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more spending or you can make an argument for government to do less spending. in both cases the objective could be to bring down the government's debt. stimulus is what the time government is arguing, but the rest of the european union and other commentators seem to think that is the wrong answer for italy. i suppose given its reputation, even before he joined the euro, the government had a reputation for spending too much. when they joined the euro they still spent too much. they ended up with italy being the lowowest growing eurozone country since the beginning. it is a reputational problem. people think that italy's finances are going to get out of control. steven: dr. john whitaker, thank you for joining us. that is it for business. back to brent with news. brent: tonight, the u.s. national security advisor john bolton is in russia where he has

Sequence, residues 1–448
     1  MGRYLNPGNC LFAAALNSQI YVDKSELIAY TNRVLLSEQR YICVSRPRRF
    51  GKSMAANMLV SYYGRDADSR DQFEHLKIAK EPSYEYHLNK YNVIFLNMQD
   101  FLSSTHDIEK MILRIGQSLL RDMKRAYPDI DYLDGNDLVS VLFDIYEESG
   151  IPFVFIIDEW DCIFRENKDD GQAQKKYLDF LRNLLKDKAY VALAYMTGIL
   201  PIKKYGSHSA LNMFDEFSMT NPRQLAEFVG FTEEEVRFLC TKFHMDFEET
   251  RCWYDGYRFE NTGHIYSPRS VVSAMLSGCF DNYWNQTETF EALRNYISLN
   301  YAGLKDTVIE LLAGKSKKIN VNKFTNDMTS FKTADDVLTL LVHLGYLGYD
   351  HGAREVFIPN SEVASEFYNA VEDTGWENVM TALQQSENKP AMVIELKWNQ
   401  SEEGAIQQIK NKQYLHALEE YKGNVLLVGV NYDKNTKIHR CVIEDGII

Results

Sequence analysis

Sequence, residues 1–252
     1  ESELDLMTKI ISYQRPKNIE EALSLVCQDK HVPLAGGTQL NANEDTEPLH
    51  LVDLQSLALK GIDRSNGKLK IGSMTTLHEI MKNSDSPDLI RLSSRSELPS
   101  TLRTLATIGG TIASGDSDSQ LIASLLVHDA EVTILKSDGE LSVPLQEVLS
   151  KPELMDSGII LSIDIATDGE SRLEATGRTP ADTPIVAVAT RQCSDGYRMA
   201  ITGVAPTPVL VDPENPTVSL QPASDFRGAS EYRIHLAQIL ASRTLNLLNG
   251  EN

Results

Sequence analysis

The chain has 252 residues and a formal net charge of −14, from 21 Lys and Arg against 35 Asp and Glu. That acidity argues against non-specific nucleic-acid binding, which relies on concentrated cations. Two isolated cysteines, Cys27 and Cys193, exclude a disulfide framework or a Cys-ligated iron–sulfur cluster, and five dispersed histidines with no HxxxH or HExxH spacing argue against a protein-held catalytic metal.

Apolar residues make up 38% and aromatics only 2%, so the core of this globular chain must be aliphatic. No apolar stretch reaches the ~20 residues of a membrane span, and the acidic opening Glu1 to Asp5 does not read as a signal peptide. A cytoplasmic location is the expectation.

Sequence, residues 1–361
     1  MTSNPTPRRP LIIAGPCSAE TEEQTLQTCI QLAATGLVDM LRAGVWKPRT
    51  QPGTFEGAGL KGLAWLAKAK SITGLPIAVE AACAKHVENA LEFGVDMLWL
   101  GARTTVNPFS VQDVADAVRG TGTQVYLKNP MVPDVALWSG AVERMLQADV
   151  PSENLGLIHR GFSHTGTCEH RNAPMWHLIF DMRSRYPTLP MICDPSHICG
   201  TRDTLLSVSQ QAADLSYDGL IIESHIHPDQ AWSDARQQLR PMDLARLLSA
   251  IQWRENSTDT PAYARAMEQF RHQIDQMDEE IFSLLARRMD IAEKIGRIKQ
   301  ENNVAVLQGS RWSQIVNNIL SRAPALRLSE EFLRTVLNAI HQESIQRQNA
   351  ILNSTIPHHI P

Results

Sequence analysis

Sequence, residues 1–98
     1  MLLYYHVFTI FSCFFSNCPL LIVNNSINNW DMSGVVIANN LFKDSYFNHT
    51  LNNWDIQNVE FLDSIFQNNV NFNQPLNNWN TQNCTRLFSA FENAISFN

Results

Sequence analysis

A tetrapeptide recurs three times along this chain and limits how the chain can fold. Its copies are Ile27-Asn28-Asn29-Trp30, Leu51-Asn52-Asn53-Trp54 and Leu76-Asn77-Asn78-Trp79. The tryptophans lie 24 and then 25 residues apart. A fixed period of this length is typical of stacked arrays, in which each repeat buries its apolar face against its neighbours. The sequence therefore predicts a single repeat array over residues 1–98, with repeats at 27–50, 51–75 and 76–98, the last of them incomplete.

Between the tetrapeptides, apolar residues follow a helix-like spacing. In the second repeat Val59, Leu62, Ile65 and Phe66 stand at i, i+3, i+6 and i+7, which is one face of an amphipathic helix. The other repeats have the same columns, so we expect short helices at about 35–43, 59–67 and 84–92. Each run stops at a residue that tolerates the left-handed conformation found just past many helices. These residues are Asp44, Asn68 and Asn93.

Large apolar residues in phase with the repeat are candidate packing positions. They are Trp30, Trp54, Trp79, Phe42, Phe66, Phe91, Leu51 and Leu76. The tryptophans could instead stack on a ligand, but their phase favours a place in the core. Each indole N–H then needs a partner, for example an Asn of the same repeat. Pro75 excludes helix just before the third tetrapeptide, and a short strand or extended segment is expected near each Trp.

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held talks with senior government officials. the visit comes as the trump administration announced that it may pull out of a cold war arms deal. bolton met russian foreign minister sergey lavrov in moscow earlier today. he reportedly denied that washington's threat to leave the inf treaty is an attempt to blackmail russia. bolton emphasized that if the imf treaty is scrapped. -- scrapped, the u.s. is not planning to deploy missiles that would target moscow. here at the big table with me now is xanthe hall. she is on the board of ican germany. ican germany is the german arm of ican, which is dedicated to a world without nuclear weapons. we appreciate you taking the time to come in with us tonight. we have got the trump administration saying that for the past four years at least, there is evidence that russia has been in violation of the imf treaty. is that true? xanthe: well, only the u.s. know